10. Mark J Greene says:

    It’s time for the United States Senate to ratify this treaty or give the reasons why they are still opposed!

  11. Grace Stensom says:

    Does this mean that a person with severe intellectual disabilities has the capacity to decide whether to take life saving medication or psychiatric prescribed drugs that pact their quality of life. The UN oanel obviously are out if order on this situation. Further, where is the respect ti the legal process to gain guardianship? This is a mockery and should be reversed.

  12. Barbara Ray-Velazquez says:

    That is the most ridiculous thing I have heard. I care for an individual who has been declared incompetent and also has Prader-Willi Syndrome. She cannot read, write, tell time, has no concept of time or how the world works. She believes street lights control day and night. Left to her own devices she would not bathe, she would be awake at 3 in the morning, dressed in clothes inappropriate for the weather, waiting for a van that is not due till 8am. she would eat everything in sight…out of garbage cans, off the floor, out of dishpans. She would eat until she vomited and then eat the vomit. She would eat snot tissue, menstrual blood and feces. Allowing her to do as she pleased would be the death of her.

  13. Caitlin says:

    I have numerous disabilities: brain injury, physical disability, FMS, seizures, etc. and I feel this is a good thing. I’m twenty three and am tired of having doctors and such ask about talking to my mom, or when she’s with e at the hospital, they talk to her about what to do, rather than me. I’ve heard a great deal about other people with disabilities being poorly treated under the decisions of their guardians, and it sickens me. I do understand that some people with disabilities need guidance and advocacy, and I am all for that. “People with disabilities, including those with psychosocial or cognitive impairments, must be supported in making decisions, and not have decisions made for them, even when it is thought to be in their ‘best interests.’”– this is a step in the right direction.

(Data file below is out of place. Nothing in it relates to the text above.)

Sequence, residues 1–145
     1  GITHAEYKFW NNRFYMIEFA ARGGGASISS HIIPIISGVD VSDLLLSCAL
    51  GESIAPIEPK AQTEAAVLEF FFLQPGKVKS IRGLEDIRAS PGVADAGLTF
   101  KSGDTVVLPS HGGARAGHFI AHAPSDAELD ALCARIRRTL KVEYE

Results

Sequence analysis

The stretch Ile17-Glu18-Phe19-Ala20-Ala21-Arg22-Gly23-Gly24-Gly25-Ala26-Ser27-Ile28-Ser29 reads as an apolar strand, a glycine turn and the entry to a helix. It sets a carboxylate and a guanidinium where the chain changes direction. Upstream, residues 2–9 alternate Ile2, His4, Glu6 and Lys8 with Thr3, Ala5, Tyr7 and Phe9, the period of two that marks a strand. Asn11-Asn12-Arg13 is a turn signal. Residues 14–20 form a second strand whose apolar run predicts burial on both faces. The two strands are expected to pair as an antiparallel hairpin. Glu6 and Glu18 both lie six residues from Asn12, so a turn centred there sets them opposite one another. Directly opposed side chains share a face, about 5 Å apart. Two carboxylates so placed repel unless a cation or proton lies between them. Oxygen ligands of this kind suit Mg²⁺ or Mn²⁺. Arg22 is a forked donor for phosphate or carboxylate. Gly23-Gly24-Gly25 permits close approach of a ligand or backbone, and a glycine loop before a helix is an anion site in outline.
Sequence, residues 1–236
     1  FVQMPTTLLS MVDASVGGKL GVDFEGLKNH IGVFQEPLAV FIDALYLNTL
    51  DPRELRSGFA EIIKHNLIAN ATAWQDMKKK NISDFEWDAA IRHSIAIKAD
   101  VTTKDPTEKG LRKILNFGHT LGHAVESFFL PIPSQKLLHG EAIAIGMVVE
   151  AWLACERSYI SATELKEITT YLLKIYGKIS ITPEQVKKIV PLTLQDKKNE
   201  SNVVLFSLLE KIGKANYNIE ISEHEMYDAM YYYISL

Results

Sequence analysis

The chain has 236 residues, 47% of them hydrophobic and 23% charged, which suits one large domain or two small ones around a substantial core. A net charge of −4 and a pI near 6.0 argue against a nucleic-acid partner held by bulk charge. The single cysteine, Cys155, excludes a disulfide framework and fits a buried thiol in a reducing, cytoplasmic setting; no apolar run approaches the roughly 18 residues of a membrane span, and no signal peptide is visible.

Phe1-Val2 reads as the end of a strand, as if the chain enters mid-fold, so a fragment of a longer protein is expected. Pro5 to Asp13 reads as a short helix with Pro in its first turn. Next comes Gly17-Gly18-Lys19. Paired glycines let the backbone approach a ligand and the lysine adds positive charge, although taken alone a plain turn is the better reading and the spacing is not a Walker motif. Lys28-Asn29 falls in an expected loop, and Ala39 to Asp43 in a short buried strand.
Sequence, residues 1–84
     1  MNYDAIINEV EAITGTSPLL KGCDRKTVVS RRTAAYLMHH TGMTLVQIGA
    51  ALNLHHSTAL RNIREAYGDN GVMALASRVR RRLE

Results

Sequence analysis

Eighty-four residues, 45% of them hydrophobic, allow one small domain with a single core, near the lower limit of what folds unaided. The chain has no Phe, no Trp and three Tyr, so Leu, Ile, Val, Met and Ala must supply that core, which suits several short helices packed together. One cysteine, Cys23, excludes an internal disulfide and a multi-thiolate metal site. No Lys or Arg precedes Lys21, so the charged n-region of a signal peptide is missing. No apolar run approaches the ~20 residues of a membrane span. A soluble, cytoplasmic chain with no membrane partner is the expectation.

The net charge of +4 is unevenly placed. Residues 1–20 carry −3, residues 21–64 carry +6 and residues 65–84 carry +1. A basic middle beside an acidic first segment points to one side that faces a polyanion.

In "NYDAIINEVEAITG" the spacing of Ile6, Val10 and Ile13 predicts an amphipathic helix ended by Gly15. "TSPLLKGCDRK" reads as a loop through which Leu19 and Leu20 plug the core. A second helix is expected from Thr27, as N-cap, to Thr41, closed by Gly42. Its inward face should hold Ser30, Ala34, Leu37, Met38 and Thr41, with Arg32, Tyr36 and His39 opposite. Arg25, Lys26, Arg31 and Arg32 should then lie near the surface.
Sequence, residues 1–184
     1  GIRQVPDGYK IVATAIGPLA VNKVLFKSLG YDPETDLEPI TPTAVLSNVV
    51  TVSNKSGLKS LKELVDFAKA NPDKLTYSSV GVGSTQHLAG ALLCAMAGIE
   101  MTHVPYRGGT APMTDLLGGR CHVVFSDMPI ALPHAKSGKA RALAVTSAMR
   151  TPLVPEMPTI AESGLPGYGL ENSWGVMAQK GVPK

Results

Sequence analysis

14. Theresa says:

    Seems our laws are working fine. These are just pie in the sky fantasy ideologies most likely made by people who have no idea what it’s like to care for a disabled person. If my daughter made her own decisions she would eat ice cream every meal and spend all her money on Barbies.
    One size fits all never works.

  15. Mike Jacobs says:

    I would assume that since the panel advocates for complete self-determination thant those individuals with developmental disabilities who make ‘bad’ decisions should face the same consequences as an individual who has no developmental disabilities who make like decisions. Does the panal also advocate doing away with all tax-paid services targeted to individuals with developmental disabilities no longer receive public funding. Sounds like the Tea Party is alive and well at the UN.

  16. Whitney says:

    It is going be a balancing act. Yes, I do see situation where people need to have decisions made for them. The problem is that parents do not live forever and they need to teach a child to make decisions for themselves and be independent. At the same time not all disabilities are capable of making decisions for themselves. I am saying this to elderly and children who have diminished brain functions. As a person grows older the do develop dementia and this leads to alzheimers and no one is screaming about their decision making capability. Oh we can shirk a person with disability’s rights because they don’t understand. If we treat the elderly the same way the AARP screams bloody murder. There has to be supports for both groups. Further more we are limiting people with disabilities rights to not live a full life.
    No one size does not fit all but the things intellectual disabilities need are far different from high functioning. The problem is society is treating high functioning disabilities as the same with intellectual disabilities and that approach is also one size fits all.

    As for guardianship you going hate this there is no standardize qualifications for it. I heard of people with disabilities getting abused by time honored method. So there is no defense people with disabilities.

  17. Fortune says:

    I think basically everyone objecting to this failed to notice the line about supporting disabled people in making decisions.

    Plus some of your generalizations about what will happen are downright alarmist. And your characterizations are way off. Non-verbal doesn’t mean unable to communicate, and intellectual disability doesn’t mean unable to make good decisions.

  18. Stephanie Grice says:

    Does this include those with disablities who live in charleston south carolina as well? Because i know someone who right now has someone in charge of there finances,but they arent doing right by the person with the disability and this person is living in her own home, why cant she take care of her own money and bills. She buys her own food and does her own laundry…..